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Nutrient Uptake by Different Parts of the Intact Roots of Plants

R. SCOTT RUSSELL and J. SANDERSON
Journal of Experimental Botany
Vol. 18, No. 56 (August 1967), pp. 491-508
Published by: Oxford University Press
Stable URL: http://www.jstor.org/stable/23686977
Page Count: 18
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Nutrient Uptake by Different Parts of the Intact Roots of Plants
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Abstract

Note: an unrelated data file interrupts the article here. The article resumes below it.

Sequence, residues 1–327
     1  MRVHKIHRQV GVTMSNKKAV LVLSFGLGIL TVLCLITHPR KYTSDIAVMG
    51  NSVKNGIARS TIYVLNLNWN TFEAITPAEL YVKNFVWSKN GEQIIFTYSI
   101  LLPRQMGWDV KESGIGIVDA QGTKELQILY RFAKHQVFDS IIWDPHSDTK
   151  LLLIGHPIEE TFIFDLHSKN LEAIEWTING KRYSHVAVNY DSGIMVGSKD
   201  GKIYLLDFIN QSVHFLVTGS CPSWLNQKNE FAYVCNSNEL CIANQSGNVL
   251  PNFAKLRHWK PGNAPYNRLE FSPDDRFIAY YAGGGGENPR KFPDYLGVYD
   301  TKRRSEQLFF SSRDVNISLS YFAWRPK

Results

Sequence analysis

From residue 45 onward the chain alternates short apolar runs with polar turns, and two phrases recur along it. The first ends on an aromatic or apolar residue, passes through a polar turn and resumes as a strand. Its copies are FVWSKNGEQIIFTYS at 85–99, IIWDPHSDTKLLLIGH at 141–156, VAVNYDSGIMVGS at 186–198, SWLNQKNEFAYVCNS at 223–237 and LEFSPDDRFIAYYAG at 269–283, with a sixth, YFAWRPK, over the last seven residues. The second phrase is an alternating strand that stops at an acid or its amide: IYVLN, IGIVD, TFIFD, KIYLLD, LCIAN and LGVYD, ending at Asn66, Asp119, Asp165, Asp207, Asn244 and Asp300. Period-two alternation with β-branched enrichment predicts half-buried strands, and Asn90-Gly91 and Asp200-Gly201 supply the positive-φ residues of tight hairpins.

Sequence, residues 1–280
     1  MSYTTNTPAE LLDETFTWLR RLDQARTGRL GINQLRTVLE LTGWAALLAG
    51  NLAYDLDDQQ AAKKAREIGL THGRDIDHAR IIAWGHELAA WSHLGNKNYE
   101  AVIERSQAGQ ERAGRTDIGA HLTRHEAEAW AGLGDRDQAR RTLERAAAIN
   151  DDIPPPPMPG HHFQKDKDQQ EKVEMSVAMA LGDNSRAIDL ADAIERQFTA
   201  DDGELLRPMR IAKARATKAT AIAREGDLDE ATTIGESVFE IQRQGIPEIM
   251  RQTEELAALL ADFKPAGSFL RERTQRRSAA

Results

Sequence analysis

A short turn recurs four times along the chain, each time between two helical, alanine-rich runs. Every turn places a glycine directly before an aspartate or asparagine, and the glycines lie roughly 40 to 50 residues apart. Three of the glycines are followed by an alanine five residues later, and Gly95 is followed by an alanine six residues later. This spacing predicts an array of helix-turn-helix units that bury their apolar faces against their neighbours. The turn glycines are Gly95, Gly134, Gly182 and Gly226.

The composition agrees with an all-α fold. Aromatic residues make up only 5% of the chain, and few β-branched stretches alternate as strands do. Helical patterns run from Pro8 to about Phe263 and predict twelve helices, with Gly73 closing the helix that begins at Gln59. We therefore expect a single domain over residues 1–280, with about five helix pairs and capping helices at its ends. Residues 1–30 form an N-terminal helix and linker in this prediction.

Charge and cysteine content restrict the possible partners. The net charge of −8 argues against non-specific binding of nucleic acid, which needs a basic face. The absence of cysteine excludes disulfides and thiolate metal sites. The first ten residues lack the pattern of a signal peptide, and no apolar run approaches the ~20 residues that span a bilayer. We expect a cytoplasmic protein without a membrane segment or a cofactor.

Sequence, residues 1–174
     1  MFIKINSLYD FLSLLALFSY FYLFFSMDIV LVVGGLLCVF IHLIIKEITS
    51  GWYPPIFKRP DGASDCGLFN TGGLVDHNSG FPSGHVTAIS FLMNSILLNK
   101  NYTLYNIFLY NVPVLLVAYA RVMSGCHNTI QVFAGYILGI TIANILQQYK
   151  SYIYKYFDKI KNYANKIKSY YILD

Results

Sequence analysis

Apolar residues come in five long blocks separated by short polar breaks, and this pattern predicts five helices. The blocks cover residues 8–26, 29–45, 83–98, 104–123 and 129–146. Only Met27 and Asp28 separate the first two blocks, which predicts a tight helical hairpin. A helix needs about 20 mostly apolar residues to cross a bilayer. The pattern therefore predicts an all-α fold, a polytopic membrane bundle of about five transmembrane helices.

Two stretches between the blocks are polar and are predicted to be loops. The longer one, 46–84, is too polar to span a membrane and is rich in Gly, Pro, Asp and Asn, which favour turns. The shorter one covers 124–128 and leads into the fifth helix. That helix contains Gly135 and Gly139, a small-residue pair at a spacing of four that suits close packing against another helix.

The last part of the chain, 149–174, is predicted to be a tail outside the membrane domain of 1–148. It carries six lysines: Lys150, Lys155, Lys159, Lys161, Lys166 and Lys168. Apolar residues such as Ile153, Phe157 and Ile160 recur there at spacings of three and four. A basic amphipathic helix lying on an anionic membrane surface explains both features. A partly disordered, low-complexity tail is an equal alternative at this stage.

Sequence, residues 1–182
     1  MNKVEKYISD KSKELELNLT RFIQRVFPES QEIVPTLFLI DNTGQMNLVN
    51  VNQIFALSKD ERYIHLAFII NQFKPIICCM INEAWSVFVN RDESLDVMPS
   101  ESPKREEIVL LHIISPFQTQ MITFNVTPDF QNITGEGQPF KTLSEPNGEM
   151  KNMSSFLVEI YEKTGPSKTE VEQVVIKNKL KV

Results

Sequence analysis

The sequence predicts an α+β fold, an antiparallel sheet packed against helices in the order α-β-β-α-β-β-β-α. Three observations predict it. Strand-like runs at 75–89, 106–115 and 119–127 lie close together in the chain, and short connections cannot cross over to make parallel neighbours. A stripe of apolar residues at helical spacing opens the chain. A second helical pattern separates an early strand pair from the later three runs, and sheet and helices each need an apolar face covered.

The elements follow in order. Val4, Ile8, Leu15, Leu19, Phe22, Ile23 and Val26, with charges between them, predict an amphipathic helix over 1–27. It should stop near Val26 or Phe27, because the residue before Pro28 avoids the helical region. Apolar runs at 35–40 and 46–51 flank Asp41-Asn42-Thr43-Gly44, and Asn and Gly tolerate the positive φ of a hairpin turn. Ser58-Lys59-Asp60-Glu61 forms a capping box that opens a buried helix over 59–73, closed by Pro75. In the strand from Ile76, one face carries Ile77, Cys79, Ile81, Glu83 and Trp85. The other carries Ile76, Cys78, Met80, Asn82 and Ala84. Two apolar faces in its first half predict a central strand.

An apparatus is described for studying the uptake of ions by short segments of intact root systems grown in water culture. When the entire root systems of young cereal plants are supplied with 0.1 ppm, P or Sr the quantities of both ions accumulated in segments 3—5 mm long, or translocated from them to other tissues, are considerably smaller than those which move longitudinally in the cortex for short distances. This process, which is under metabolic control, causes ions to be released to the external solution from parts of the root a few mm distant from the site of entry. The contribution, to the nutrition of barley plants 3—4 weeks old, of different parts of the root system has been investigated. Between seminal axes, nodal axes, and laterals total uptake per unit length of root varies largely, though not entirely, with volume. The ratio in which phosphate and strontium are absorbed is not constant throughout the root system, the absorption of phosphate being relatively greater by laterals. Little translocation occurs from the apical 3 mm of roots and the fraction of the absorbed ions translocated to shoots from older root segments is considerably greater for nodal axes than for seminal axes or laterals. The significance of the distribution of absorbing power throughout the root system is considered in relation to the nutrition of plants grown in soil, especially when the rate of diffusion to the root surface may limit nutrient uptake.

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